How To Start a Painting Business

How To Start a Painting Business

Starting a painting business is one of the simpler ways you can start your own business, but there are a lot of different types of painting businesses you could run. Here’s how to get started, and how to figure out what kind of painting business is right for you.

#1. How To Form a Painting Business

Starting a painting business is similar to other contractor businesses, but you generally don’t need a license for painting, because it doesn’t require licensed skillsets like plumbing and electrical businesses do. However, you may need a general contractor license in some states. You can look up business license requirements to find out about your location’s laws.

Many states only require you to form an LLC and register for an EIN to start a business. An EIN is a number that identifies your business for tax purposes. If you’re new to starting a business, first check out our simple guide on 5 Steps to Start a Business. You’ll also need a business bank account, a process for doing your business taxes and accounting, and legal advice as well as an insurance agent.

#2. How To Hire Staff for a Painting Business

Ask your insurance agent about which types of insurance you’ll need: probably basic business liability and workers comp insurance to start. Any of your staff doing the painting, even if that’s you, will need protection against claims of incompetence or insurance coverage in case of injury on a job site.

Once you have insurance, post an ad to hire painting staff in your local paper, or on local job boards. Word of mouth is also a great way to hire reliable workers. You’ll need to collect name, address, and social security number or other tax identifying information for anyone who works for you and have them fill out relevant tax forms depending on whether you hire them by the hour or if they are salaried workers.

#3. Purchasing Painting Equipment

Some painting businesses only handle home painting. It’s one of the easier ways to start a painting business, because you don’t need extra tall ladders, scaffolding, and other equipment needed to paint larger buildings, and there is less of a chance of worker injury from falling on the job.

If you do decide to purchase equipment, you can purchase supplies at the local hardware store or from an industrial paint supply company. You’ll need the following:

  1. rags and drop cloths
  2. painting trays and mixers
  3. extension poles, paint rollers, brushes
  4. harnesses to hold equipment
  5. gloves, protective clothing and paint remover or cleansers
  6. ladders or scaffolding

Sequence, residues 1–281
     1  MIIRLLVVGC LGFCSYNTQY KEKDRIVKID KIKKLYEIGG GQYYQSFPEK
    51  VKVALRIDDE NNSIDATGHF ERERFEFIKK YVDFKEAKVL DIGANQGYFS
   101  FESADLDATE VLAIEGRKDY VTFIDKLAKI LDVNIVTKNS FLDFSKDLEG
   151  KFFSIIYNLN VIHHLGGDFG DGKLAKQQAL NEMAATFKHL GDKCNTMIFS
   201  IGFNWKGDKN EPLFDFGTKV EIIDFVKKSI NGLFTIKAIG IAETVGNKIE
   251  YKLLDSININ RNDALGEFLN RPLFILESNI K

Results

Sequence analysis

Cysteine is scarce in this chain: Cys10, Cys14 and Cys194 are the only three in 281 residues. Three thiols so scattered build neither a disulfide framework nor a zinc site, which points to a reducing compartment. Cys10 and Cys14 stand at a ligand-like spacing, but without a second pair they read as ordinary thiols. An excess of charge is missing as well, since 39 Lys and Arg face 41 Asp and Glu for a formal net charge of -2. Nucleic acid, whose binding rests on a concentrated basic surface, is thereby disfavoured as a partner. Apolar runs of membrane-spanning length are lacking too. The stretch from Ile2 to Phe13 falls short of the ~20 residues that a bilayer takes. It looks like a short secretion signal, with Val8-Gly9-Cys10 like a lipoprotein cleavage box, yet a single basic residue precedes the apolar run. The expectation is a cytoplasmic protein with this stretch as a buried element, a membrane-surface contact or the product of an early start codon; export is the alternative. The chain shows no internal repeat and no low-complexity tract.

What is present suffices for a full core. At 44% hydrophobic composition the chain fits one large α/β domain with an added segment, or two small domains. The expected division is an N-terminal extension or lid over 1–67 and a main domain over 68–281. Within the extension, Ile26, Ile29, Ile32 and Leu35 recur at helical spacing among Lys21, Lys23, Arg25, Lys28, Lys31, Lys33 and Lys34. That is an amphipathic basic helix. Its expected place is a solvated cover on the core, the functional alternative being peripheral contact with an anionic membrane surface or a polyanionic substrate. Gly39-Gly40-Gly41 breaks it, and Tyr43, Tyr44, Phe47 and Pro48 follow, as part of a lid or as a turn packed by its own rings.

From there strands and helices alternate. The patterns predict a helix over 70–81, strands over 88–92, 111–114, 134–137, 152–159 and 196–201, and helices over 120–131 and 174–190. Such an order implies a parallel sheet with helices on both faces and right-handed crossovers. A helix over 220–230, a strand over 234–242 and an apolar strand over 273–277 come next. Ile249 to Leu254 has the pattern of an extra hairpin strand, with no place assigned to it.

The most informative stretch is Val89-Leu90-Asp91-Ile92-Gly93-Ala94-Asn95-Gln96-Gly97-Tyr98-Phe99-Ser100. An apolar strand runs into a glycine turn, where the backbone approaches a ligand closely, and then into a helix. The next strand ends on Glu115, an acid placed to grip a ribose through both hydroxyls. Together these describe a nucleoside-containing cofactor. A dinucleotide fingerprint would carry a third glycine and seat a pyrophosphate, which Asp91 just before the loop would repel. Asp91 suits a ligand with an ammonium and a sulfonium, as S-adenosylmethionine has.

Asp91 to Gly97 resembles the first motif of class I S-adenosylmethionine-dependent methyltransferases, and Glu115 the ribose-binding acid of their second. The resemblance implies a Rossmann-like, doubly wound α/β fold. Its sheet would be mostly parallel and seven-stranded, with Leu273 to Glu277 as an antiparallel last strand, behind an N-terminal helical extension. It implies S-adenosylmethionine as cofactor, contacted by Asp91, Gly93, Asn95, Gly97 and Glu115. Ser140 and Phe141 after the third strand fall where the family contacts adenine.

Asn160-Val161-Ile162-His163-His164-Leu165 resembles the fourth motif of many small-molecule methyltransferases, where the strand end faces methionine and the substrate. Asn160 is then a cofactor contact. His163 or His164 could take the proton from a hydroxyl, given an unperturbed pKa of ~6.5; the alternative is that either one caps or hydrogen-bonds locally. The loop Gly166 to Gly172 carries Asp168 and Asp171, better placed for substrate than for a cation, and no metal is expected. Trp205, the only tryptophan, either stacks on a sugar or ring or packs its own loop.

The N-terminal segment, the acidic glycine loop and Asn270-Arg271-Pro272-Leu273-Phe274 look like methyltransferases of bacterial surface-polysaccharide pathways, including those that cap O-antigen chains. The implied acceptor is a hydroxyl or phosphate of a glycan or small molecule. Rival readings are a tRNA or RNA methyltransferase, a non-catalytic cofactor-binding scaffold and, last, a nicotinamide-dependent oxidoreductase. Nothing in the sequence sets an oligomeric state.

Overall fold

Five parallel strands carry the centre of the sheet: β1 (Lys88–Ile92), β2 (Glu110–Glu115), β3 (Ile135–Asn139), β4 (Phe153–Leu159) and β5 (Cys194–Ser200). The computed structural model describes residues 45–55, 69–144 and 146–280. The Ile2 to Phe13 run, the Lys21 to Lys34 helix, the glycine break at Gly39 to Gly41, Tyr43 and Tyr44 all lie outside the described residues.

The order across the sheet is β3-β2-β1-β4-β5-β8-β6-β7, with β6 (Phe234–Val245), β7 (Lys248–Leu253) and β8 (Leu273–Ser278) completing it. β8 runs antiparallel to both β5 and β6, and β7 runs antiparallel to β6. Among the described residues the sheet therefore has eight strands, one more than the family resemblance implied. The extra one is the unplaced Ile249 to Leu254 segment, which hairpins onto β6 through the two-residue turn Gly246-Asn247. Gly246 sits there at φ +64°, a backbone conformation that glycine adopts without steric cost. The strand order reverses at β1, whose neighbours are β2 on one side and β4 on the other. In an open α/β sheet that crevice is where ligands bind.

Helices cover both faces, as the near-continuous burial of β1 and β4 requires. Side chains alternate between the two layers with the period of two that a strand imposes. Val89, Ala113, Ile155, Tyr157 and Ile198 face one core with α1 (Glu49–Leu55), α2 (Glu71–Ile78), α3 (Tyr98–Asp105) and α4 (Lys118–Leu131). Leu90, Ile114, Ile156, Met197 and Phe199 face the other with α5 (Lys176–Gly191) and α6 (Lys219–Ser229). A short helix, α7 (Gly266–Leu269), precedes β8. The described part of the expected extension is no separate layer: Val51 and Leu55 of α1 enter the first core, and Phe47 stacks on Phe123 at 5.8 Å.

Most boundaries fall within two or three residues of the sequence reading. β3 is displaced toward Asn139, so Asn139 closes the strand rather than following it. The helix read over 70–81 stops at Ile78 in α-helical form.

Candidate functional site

7. paint sprayer machines

You might optionally also want hoses, power washers, and other equipment that helps you prep for an exterior paint job. If you have large equipment like paint sprayer machines, you’ll also want to have vehicles large enough to transport all your gear to each job.

#4. How To Manage a Painting Business

After you form your painting business, you’ll need a business plan and a marketing plan. Check out our handy guide on how to write a cleaning business plan, which can be adapted to a painting business. The best support you can give yourself in running a painting business is to find a good business software to manage your scheduling, invoicing, payment processing, and contacts for you.

Yottled is a top small business software just for this purpose. With Yottled you can get a white-label website or a scheduling and payment software that integrates with your existing website. You also get great client management tools and invoicing all in one place. Then you can focus on running your business rather than keeping everything organized. As you grow, you can expand your services to larger painting jobs, and Yottled will grow with you.

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Laura Cowan

Laura Cowan

Laura K. Cowan is a tech editor and journalist whose work has focused on promoting sustainability initiatives for automotive, green tech and conscious living media outlets. A deep study of narrative journalism, storytelling and sustainable technology allows Ms. Cowan to draw out the meaningful stories of best practices from diverse professionals in an exploration of the culture and trends in emerging industries. She is currently Co-Founder and Executive Editor of Midwest tech news blog, Cronicle Press. Ms. Cowan’s writing and speaking have appeared with Automobile Quarterly, Writer Unboxed, Inhabitat, CNBC, The Ann Arbor Observer and The National Society of Newspaper Columnists.

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